TurkoTek Discussion Boards

Subject  :  Restatement of the matter at hand
Author  :  Steve Price
Date  :  09-15-2000 on 08:51 a.m.
sprice@hsc.vcu.edu Dear People, Most of the discussion thus far has revolved around identification of species of birds on rugs and, in some instances, the question of whether some of them even are birds. These are relevant issues, of course, but what I thought was the heart of the topic has barely been touched. Perhaps it isn't that interesting to most of you; perhaps there simply isnt anything worthwhile to say about it. Either of those possibilities would account for the fact that it isn't getting much obvious attention. On the other hand, perhaps I didn't do a very good job of explaining it, so I'll try again here. First, I believe that there are some general principles applicable to tribal arts, some commonalities between different forms. And, I think it would be interesting to know what some of them are. One is obvious enough, and everyone already knows it: most tribal art is not intended to simply be decorative or to provide an outlet for the creative energies of the person who made it. It is usually done with some utilitarian (interpreting the word very broadly) intent. What are some of the others? One artistic convention that seems to be true for much of the art of Subsaharan Africa is that parts of the body have sizes that are not in proportion to their anatomical sizes, but to their importance (as seen within the cultures). For instance, the spirit resides in the head, so the head is larger than normal relative to the rest of the body. I wonder whether some similar principle applies in textile arts of central and western Asia. That is, are body parts of figures stylized in such a way as to give extra prominence to the parts perceived to be most important? I recognize the problems in trying to answer this question. Perhaps it is unanswerable. But it does seem to me that it's reasonable to assume that conventions of stylization have some historical origins and some rationale by which they were preserved. That is, they do not appear to be random nor are they always the simple stick figures that might reflect naivete of the artist nor are they always easily explained as structure driven. I chose birds as the starting point; perhaps it's a poor choice. My reason for doing so is that many cultures hold birds of one sort or another in awe or reverence, and there are some rather well defined conventions in their stylization by different cultures. This seemed to me to be a promising starting point. It hasn't worked out that way. What about flowers, then? There are a variety of stylizations of flowering plants in textiles, some of which emphasize the blossom to the near-exclusion of stems nd leaves. To me, the blossom is the really important part of those plants because of the aesthetics. I can easily imagine somebody in another culture emphasizing parts that include drugs or that are edible. Does the emphasis on the blossoms in so many depictions of flowering plants suggest that the people making the objects find the aesthetic of the flowering plant a very important element? I think it probably does, which suggests that there is germ of truth in the basic notion from which I started. Does anyone want to run with this, or offer another line through which the issue might be pursued? Regards, Steve Price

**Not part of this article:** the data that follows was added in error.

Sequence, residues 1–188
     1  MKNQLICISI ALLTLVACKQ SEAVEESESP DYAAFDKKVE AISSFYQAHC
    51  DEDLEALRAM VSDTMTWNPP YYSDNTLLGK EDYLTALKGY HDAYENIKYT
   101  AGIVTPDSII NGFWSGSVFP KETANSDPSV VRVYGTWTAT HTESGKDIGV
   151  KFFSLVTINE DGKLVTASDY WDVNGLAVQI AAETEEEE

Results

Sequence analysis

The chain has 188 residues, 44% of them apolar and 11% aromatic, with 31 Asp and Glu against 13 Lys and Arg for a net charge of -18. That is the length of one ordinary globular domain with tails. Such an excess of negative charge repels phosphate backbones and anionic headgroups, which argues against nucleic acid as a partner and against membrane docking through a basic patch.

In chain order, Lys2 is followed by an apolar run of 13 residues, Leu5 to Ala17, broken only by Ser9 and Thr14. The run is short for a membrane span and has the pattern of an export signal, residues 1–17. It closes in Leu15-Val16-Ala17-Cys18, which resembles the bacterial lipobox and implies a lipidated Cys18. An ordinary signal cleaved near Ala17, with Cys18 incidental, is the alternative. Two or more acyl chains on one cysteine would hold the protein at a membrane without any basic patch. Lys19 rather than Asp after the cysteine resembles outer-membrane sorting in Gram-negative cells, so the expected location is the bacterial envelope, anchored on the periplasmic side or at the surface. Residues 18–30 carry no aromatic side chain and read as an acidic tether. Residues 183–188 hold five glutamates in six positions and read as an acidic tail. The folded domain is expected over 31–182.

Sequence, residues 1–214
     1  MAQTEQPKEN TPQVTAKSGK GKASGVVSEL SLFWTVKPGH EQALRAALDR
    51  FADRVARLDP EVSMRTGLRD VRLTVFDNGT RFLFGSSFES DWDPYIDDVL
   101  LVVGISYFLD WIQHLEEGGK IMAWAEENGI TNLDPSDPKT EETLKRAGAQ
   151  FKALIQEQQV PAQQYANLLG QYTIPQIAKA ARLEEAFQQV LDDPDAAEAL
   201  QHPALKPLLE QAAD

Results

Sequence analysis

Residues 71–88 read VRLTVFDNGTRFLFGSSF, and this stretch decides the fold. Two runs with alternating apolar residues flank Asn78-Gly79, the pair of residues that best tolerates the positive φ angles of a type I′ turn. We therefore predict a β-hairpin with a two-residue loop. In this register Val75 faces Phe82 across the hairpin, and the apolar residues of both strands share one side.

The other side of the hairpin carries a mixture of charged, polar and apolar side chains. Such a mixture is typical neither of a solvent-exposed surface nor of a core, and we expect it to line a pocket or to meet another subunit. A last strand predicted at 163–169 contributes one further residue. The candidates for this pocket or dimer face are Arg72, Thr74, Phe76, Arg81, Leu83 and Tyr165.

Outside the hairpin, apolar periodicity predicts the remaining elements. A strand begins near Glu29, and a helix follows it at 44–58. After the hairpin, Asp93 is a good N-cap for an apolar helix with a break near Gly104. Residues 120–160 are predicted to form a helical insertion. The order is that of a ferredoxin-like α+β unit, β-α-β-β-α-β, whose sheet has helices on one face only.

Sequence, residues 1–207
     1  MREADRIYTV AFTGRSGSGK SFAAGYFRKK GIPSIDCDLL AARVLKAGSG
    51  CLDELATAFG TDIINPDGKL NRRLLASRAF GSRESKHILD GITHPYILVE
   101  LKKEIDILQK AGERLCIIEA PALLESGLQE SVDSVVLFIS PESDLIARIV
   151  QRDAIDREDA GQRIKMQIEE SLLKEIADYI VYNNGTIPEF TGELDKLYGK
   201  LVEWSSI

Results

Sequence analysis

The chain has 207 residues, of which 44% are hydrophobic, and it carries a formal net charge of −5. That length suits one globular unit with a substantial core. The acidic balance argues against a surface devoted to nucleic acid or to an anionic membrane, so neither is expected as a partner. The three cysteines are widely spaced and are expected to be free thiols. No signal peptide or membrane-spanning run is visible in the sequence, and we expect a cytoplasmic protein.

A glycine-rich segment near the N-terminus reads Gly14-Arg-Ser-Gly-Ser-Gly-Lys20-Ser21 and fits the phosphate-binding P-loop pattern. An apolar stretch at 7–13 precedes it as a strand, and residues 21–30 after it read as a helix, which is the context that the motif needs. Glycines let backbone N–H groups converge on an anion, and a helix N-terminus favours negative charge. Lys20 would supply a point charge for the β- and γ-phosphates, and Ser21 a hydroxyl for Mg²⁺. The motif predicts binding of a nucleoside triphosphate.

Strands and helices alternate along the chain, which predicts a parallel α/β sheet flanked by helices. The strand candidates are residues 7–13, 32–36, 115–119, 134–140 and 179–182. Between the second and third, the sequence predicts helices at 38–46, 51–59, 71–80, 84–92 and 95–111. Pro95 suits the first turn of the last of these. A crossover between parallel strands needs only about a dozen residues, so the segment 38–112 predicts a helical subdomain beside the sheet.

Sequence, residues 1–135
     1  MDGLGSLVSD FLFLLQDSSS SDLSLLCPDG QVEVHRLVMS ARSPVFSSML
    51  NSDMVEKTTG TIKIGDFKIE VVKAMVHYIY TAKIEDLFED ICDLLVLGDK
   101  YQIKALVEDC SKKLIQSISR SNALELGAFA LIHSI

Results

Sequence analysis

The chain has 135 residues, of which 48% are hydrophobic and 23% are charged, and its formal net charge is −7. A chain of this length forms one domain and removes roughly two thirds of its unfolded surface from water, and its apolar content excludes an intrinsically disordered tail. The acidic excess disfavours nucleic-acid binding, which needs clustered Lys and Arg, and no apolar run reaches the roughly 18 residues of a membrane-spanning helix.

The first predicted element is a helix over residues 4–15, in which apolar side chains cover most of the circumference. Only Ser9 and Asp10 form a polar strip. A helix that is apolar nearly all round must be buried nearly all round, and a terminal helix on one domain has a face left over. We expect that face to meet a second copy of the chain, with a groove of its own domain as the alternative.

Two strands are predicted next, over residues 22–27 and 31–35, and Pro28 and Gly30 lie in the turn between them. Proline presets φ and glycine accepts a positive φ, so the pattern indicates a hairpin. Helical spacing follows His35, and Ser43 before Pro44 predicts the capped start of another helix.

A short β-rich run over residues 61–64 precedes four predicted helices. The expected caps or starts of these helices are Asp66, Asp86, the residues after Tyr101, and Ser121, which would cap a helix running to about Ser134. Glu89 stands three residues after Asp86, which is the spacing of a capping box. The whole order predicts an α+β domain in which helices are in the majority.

Subject  : 
Author  :